Twenty-one-year-old Albert Erksine grew up in the impoverished and isolated boonies of North Mountain where he received his share of backwoods battering and brutality: incest, sodomy, burns, and lashings. He lives in the small cabin he eventually built on the family compound only so the younger children of the clan now suffering the same fates would have a refuge and perhaps a protector. Meanwhile, he puts the rest of his efforts into not perpetuating tradition by becoming one of "The Others," the subsistence sisters and brothers, dilapidated mothers and barely-there fathers, the “sex for meth” Uncles. “What more was expected of him?” Albert wondered. “Why did he wake up in the morning feeling like the best thing ahead of him was a long jump and a short rope?”
In the cohesive flow and solidly structured narrative of Lauren B. Davis’ absorbing, strikingly-written, and subtly-honed Our Daily Bread (due Oct. 1) — part family drama, part psychological novel — the author draws on real life events surrounding the Goler Clan in Nova Scotia, where she lived briefly and heard accounts “about a community up on a nearby mountain. They were terrible stories, involving incest, aborted and deformed babies, prostitution, bootlegging and so forth.”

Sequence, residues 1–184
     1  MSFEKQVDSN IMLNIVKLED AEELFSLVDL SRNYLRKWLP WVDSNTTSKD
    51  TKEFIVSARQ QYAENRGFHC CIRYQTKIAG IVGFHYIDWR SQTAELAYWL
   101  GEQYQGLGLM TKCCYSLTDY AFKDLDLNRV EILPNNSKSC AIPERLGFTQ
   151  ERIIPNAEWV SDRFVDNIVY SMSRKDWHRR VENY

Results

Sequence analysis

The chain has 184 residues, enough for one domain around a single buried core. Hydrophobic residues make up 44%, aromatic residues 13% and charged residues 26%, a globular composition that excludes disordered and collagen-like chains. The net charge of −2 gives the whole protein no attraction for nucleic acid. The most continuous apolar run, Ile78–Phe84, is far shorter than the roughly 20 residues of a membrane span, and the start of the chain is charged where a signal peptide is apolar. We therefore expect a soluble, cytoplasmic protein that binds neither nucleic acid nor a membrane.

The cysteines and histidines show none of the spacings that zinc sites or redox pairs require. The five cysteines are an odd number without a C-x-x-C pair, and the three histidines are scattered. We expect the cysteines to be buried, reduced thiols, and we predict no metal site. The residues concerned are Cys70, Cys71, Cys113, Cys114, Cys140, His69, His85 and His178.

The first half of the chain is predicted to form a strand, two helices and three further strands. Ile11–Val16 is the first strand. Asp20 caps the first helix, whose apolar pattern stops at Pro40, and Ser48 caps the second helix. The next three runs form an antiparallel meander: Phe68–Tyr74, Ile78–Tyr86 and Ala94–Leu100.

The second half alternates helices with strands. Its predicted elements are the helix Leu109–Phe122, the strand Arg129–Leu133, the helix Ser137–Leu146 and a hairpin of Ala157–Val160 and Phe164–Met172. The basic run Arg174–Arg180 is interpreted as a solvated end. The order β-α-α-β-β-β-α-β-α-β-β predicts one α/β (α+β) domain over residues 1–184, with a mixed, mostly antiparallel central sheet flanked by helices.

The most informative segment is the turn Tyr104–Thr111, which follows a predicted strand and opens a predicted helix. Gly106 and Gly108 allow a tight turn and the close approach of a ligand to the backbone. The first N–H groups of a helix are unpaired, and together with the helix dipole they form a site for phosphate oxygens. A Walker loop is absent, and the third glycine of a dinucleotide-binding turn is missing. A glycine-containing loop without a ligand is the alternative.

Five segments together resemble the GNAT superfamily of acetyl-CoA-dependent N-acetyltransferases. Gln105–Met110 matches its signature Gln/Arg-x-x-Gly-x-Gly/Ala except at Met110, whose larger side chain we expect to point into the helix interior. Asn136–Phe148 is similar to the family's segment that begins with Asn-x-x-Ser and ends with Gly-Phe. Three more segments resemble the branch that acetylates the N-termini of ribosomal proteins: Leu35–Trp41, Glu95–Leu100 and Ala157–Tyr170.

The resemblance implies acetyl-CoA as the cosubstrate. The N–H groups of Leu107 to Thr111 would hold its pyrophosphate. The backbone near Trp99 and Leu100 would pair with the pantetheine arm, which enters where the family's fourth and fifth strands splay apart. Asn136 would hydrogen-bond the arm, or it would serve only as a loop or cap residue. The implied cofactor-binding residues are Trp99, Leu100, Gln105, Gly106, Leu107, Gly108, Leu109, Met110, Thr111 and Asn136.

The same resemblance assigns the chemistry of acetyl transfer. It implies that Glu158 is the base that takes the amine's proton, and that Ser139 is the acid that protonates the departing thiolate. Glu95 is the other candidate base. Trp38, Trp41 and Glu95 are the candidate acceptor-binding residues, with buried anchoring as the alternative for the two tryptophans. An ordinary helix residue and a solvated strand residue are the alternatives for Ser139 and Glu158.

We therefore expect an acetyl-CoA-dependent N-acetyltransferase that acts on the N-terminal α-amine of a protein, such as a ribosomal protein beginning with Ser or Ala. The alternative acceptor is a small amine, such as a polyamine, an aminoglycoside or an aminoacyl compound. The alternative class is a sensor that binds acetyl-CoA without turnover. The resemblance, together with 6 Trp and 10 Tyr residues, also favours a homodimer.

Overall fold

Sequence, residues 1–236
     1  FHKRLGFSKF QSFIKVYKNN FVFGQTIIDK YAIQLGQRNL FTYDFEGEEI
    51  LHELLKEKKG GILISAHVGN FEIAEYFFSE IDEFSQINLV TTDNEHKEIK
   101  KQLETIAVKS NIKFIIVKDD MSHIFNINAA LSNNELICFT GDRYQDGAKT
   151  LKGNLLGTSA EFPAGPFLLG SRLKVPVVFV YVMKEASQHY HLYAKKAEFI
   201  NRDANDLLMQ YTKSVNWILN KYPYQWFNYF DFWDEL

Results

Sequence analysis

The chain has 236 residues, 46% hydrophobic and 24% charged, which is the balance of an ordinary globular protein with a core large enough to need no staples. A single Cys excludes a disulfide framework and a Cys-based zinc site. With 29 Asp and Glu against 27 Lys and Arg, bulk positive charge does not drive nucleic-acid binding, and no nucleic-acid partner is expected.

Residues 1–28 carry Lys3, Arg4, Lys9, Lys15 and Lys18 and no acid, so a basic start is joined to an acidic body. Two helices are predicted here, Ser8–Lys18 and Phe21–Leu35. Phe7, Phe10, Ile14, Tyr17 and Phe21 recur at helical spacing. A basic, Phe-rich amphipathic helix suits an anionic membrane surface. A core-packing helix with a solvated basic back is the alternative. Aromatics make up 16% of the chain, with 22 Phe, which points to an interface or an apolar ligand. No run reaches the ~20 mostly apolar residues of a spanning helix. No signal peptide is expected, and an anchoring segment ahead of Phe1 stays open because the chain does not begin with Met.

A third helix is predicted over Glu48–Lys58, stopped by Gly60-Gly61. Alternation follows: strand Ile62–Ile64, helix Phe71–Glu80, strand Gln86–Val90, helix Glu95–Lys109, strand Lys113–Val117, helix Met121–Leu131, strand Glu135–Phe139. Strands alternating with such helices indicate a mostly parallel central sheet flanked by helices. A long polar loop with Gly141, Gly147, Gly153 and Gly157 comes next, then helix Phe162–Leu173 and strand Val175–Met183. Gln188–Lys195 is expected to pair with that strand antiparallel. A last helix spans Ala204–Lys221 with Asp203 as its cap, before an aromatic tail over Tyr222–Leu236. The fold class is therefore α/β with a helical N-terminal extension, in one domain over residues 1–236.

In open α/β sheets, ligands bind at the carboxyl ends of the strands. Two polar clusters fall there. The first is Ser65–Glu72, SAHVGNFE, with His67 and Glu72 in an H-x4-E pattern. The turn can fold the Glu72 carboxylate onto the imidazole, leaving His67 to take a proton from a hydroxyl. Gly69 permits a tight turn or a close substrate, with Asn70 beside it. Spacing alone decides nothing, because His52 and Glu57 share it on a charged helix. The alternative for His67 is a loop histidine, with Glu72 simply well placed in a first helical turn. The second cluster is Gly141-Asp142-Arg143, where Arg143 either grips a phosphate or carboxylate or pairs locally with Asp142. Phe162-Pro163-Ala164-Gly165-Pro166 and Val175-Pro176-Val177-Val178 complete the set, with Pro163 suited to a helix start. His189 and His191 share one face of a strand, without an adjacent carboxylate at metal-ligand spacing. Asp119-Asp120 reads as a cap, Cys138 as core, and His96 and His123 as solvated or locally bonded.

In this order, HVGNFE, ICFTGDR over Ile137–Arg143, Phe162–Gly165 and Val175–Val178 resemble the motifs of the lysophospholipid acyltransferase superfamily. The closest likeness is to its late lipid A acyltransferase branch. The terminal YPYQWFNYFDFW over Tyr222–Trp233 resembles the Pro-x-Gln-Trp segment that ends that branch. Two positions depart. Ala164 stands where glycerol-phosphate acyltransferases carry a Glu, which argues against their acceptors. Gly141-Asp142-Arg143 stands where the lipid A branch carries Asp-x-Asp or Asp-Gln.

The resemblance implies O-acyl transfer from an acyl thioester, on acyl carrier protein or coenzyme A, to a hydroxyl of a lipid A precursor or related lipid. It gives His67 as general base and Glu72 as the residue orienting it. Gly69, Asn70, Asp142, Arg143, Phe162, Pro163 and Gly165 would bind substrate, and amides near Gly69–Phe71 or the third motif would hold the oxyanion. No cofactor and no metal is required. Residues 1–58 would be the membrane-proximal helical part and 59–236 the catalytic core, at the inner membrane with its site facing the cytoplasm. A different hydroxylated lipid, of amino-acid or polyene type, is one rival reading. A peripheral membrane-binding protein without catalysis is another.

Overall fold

These days the scourge of choice is methamphetamine, not moonshine, and the Erksines and other mountain clans see opportunity approaching from headlights on the hairpins. When it comes to the kids and other caught-in-the-crossfire innocent, the good citizens of the valley town below, Gideon, largely pay no heed to the violent and compassionless treatment brought to bear by the transgressions of their abusive tweaked-out backwoods neighbors, considering them beyond charitable help and redemption. Even the parishioners of the influential Church of Christ Returning seem to cling more to gossip than God.
Nevertheless, Albert retains lifelines with a couple of Gideonites. Widowed antique shop owner Dorothy Carlile has secretly brought food and books for the disadvantaged in the area for years – the books mostly literature pounced upon and devoured by Albert. And Albert has also come to befriend standard-issue disaffected youth Bobby Evans, “middle class townie” but product of an ever more dysfunctional family when his rather lofty and aloof mother inexplicably takes off with a Corkum – a member of another mountain family perhaps a notch or two above an Erksine – leaving his decent and hard-working father Tom shattered but unable to pick up the pieces. Rounding out the Evans family is 10-year-old Amy, also devastated by the desertion, who finds solace and diversion when Dorothy befriends her and has her help out in the antique store.